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Party Competition in Indian StatesElectoral Politics in Post-Congress Polity$
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Suhas Palshikar, K C Suri, and Yogendra Yadav

Print publication date: 2014

Print ISBN-13: 9780198099178

Published to Oxford Scholarship Online: June 2014

DOI: 10.1093/acprof:oso/9780198099178.001.0001

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Karnataka 2008–9

Karnataka 2008–9

BJP Penetrates the South

Chapter:
(p.463) 23 Karnataka 2008–9
Source:
Party Competition in Indian States
Author(s):

Sandeep Shastri

Veena Devi

Publisher:
Oxford University Press
DOI:10.1093/acprof:oso/9780198099178.003.0024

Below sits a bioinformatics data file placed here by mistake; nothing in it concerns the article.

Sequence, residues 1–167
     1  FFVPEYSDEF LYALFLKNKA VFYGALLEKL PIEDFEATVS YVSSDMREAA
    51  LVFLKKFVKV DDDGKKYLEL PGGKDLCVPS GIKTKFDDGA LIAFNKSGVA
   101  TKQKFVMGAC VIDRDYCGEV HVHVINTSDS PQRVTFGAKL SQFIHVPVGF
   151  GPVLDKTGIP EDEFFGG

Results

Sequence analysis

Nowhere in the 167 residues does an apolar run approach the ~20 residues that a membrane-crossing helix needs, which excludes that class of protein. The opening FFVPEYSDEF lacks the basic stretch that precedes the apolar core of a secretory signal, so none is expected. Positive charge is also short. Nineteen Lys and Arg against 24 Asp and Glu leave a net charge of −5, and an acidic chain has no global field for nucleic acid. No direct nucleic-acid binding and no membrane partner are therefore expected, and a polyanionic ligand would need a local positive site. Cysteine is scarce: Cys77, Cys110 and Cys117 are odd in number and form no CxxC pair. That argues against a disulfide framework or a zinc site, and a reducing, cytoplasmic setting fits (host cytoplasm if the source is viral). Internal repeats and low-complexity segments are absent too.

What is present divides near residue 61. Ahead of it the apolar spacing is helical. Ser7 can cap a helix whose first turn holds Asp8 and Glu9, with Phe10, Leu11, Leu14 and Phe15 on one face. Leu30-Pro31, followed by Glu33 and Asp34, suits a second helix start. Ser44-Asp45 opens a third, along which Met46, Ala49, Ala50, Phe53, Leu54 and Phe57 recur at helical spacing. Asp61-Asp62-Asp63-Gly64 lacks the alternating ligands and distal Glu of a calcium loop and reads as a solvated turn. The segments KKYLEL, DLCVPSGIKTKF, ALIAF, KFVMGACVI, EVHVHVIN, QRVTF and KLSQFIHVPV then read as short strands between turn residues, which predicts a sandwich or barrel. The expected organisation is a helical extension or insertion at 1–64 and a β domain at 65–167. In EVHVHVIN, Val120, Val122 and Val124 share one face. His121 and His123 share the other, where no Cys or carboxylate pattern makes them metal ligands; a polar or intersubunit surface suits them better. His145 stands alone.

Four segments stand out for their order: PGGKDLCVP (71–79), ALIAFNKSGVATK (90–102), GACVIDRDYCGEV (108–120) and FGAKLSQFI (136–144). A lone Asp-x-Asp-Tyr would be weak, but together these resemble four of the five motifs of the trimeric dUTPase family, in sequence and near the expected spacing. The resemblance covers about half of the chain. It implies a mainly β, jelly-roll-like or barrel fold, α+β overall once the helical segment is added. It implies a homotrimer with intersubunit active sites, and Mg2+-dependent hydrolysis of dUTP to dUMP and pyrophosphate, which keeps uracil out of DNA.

The Karnataka voters decided to back the Bharatiya Janata Party (BJP) in the Lok Sabha elections. Less than a year earlier, the BJP had come to power in the state and was still clearly in the ‘honeymoon’ period. The BJP was able to further consolidate its position and the principal opposition, the Congress party, was unable to recover from the defeat it suffered in the Assembly elections a year earlier. The BJP was able to build upon the social coalition it had created and was swept into most of the seats in Northern and Coastal Karnataka. In the Old Mysore Region it faced stiff competition from both the Congress and the Janata Dal(S). The BJP victory in Karnataka was not a vote to endorse the performance of the State government, but was clearly a show of indulgence by the electorate towards a ruling party in the state which had just been voted to power.

Keywords:   defections, delimitation, safe seat, real estate, communal harmony, minorities, Lingayat, Vokkaliga, Dalit

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